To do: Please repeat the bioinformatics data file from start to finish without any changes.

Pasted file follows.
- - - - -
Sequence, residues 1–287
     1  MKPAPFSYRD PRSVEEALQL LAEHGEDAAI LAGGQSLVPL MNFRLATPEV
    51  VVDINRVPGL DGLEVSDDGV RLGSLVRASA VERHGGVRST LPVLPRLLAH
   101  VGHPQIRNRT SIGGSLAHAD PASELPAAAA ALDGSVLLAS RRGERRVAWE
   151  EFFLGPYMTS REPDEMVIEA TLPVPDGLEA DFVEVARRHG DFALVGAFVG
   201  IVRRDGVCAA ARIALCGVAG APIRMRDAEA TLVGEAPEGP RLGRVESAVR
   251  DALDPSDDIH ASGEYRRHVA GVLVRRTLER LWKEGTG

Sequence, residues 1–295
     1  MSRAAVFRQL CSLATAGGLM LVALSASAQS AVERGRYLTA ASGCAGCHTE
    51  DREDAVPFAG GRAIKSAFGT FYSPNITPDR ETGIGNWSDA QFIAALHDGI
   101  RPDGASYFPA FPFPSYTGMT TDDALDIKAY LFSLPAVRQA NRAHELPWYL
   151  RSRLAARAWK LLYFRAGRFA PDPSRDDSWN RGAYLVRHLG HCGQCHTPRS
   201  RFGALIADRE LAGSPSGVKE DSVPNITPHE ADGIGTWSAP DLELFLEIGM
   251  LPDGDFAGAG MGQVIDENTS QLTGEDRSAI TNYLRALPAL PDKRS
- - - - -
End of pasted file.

Sequence, residues 1–287
     1  MKPAPFSYRD PRSVEEALQL LAEHGEDAAI LAGGQSLVPL MNFRLATPEV
    51  VVDINRVPGL DGLEVSDDGV RLGSLVRASA VERHGGVRST LPVLPRLLAH
   101  VGHPQIRNRT SIGGSLAHAD PASELPAAAA ALDGSVLLAS RRGERRVAWE
   151  EFFLGPYMTS REPDEMVIEA TLPVPDGLEA DFVEVARRHG DFALVGAFVG
   201  IVRRDGVCAA ARIALCGVAG APIRMRDAEA TLVGEAPEGP RLGRVESAVR
   251  DALDPSDDIH ASGEYRRHVA GVLVRRTLER LWKEGTG

Sequence, residues 1–295
     1  MSRAAVFRQL CSLATAGGLM LVALSASAQS AVERGRYLTA ASGCAGCHTE
    51  DREDAVPFAG GRAIKSAFGT FYSPNITPDR ETGIGNWSDA QFIAALHDGI
   101  RPDGASYFPA FPFPSYTGMT TDDALDIKAY LFSLPAVRQA NRAHELPWYL
   151  RSRLAARAWK LLYFRAGRFA PDPSRDDSWN RGAYLVRHLG HCGQCHTPRS
   201  RFGALIADRE LAGSPSGVKE DSVPNITPHE ADGIGTWSAP DLELFLEIGM
   251  LPDGDFAGAG MGQVIDENTS QLTGEDRSAI TNYLRALPAL PDKRS